Moore Tornado: 11 Random and Wacky Photos From the Tornado Aftermath




In the aftermath of the Moore, Oklahoma, tornado, I was at ground zero capturing both the heartbreaking destruction and devastation as well as the heartwarming recovery efforts in the community. In my time working with SKY News, and interacting with the local community, I snapped hundreds of frames. Here is a compilation of 11 wacky, funny, and random photos from my time in and around Moore. They are in chronological order, and I found them all on my memory card. Hopefully this can provide people with a good laugh to combat this disaster!

1. Taking Cover in Tulsa
My mother had just seen the tornado warning for the Tulsa area on the news and began to clean out our shelter area. Here you can see, from left to right, myself, my sister, and her friend. We are properly prepared, with proper head protection, our trusty emergency radio, snacks, and tools for digging out of any potential rubble and debris created by the tornado.

2. Covering the Story for PolicyMic &TheNolanK.com
I risked life and limb to write my early articles for PolicyMic and TheNolanK.com. Well, not really. As soon as the major threat for the Tulsa area subsided, I ran to my laptop and then began to write my articles for PolicyMic and TheNolanK.com. I did however remain in proper safety gear the entire time to keep myself in the disaster mentality.

3. Grilling a Twister Steak
After I wrote my articles for PolicyMic and TheNolanK.com, I began to grill my rib eye steak that I had been fantasizing about for the past few hours. The Tulsa area was downgraded from a 'tornado warning' to a 'tornado watch' so I was able to shed my safety gear.

4. Car Engine in an Empty Lot
During my first day at ground zero in Moore, I took this picture of an engine. There were no cars in the immediate area and this was located in an empty lot. The nearest car was down the street by about 30 yards. This would have definitely been a deadly projectile during the tornado.

5. Tensions Flare in Traffic Snare
On the first day of the recovery, the Oklahoma National Guard was called in to regulate and enforce the emergency policies. They did an absolutely amazing job and the soldiers I interacted with could not have been nicer. At this road block, the driver in front of me was mad that he could not go down the road that was closed for repairs. After he was told "no" he exited his truck and began to remove the road block himself. Guardsmen swarmed in and attempted to diffuse the situation. After a heated exchange, the man decided to leave and peeled out in the process. I was able to grab a short clip of the exchange, but the quality of the video is a bit poor.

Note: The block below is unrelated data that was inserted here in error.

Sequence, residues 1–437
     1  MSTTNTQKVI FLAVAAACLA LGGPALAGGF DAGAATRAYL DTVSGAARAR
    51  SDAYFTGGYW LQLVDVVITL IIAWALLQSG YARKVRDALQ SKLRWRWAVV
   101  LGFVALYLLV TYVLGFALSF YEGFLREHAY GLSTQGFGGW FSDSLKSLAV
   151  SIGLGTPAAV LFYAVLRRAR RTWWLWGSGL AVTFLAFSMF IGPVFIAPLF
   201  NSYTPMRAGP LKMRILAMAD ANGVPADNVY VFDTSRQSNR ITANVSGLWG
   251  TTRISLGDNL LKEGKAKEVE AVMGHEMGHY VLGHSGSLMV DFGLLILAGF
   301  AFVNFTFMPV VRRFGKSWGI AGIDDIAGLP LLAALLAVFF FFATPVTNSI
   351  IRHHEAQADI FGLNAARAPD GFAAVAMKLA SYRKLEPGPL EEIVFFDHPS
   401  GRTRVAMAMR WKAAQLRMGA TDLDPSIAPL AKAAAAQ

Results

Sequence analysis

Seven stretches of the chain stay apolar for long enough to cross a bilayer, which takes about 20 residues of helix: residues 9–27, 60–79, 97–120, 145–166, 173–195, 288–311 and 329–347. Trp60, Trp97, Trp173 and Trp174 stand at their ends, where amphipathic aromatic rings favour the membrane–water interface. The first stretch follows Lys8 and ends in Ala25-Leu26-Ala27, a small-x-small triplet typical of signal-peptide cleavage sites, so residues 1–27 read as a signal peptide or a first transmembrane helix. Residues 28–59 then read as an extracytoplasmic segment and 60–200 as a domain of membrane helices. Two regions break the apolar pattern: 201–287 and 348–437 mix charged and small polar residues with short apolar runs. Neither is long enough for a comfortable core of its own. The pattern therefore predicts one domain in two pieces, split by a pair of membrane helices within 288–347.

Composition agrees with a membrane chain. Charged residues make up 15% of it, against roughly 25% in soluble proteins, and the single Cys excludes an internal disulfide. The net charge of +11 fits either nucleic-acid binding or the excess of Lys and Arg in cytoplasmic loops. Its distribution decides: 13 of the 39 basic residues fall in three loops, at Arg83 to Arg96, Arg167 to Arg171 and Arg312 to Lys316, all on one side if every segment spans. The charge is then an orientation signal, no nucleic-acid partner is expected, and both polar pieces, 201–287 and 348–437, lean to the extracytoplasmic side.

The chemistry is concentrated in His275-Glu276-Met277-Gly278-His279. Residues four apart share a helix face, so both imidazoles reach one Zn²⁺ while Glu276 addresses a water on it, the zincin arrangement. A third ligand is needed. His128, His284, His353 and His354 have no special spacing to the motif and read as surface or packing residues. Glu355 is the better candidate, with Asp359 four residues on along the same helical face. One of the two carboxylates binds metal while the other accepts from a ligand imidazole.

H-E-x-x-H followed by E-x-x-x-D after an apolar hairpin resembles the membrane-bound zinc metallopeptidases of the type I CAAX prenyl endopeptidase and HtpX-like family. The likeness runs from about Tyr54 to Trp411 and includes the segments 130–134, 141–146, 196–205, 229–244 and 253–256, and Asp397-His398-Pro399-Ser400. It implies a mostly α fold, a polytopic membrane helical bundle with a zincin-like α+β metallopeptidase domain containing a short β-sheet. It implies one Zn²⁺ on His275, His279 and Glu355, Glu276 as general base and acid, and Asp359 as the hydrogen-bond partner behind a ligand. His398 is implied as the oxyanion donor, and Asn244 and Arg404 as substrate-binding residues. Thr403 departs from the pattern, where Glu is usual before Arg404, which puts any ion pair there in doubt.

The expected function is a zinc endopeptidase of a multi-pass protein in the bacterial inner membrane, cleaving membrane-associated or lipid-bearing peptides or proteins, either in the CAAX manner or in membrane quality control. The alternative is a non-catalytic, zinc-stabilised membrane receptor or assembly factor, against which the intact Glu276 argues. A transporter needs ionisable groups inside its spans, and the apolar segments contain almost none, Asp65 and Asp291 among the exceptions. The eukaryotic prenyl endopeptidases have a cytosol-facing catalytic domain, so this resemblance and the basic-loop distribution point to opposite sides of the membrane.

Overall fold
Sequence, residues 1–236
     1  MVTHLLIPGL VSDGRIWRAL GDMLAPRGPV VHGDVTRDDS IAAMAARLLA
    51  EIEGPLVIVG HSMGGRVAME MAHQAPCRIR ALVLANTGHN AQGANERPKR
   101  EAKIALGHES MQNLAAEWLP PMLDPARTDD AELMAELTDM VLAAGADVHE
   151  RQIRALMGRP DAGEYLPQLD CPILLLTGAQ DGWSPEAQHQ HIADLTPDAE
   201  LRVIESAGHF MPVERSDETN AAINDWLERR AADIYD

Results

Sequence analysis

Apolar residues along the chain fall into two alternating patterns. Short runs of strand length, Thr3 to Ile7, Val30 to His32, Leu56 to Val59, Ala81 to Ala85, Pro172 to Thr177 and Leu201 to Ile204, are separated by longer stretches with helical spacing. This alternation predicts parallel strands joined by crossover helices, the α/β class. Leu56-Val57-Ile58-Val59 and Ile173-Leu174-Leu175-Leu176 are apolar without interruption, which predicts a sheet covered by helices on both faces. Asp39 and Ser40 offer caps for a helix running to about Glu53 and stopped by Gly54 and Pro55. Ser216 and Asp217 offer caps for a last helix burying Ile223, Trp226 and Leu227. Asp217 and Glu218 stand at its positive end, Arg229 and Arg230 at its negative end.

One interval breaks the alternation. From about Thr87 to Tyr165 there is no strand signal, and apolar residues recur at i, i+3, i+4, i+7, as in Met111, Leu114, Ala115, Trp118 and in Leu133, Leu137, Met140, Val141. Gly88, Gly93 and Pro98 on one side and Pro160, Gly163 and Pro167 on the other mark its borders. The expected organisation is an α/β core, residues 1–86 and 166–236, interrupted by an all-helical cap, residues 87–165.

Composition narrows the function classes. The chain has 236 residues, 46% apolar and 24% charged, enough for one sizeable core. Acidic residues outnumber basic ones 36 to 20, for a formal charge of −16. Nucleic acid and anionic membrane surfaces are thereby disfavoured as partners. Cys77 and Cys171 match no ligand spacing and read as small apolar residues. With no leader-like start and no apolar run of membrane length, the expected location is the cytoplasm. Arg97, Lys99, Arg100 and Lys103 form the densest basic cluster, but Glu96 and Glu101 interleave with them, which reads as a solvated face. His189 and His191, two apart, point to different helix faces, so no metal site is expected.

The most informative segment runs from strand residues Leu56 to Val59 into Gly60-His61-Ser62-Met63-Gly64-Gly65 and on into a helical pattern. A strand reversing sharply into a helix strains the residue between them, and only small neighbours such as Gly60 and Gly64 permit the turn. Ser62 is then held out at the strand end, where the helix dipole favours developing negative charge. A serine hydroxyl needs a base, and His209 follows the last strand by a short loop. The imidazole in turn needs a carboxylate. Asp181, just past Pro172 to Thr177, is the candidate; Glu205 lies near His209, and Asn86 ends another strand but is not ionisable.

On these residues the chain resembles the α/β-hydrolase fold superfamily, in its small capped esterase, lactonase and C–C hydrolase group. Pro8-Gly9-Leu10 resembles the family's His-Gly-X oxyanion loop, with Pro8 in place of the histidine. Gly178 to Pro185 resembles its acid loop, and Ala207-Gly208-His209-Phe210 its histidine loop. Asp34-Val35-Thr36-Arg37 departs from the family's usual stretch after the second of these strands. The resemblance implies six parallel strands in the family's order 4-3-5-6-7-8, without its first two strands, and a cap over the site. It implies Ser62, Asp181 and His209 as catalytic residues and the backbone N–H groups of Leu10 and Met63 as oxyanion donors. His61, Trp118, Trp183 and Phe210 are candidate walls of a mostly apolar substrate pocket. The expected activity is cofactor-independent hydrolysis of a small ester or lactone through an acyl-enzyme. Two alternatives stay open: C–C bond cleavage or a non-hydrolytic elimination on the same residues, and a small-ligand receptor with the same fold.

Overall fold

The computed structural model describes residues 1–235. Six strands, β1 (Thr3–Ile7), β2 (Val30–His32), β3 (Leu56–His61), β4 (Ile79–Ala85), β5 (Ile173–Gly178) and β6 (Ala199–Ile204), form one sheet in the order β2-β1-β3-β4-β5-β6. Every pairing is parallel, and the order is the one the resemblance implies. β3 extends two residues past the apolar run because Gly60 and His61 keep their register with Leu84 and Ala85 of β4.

6. A News Crew Getting Rejected
I was able to score my SKY News team an exclusive interview and look inside the Wayland Bonds Elementary School. We then retreated across the street to setup camp in a church parking lot when the kids began to arrive. Well, the news crew in this photo was not my news crew. So when they proceeded to cross the street to set up their shot on school property, they were quickly rejected. After they resisted the initial orders from the police officer on duty and back-up was called over to assist in their removal, I snapped this Abbey Road-esque photo of them sauntering back to the church parking lot.

7. Bullet Holes in a Gas Line Sign
The location that we were setup at in the church parking lot was at the edge of the property line. Directly behind us was this sign that warned of a dangerous high pressure gas line. The rust indicated that the damage was not anything recent. The wacky part is that the damage looks to be a result of a mixture of ammunition, such as .45, 9mm, and buck shot. Just a side effect of life in the South I suppose.

8. A Blast from the Past
Floppy discs, as our generation knows them in their 3.5" incarnation, are a product of a bygone technological era. So when I saw this 5" floppy in a pool of water just yards away from the tornado's path I knew I had to take a picture. Something like this seems like it would be in the debris of a tornado from the 1980's not the 2010's.

9. Oklahoma Gallery of Modern Art
My Sky News producer decided that we should pursue a storm shelter angle in our coverage. On our way to their shop we came across downed and mangled power lines. We pulled over so Jake could get some footage and I snapped a few stills as well. The tornado's energy transformed the electrical infrastructure into something that belongs in a gallery of modern art.

10. Woof, Woof!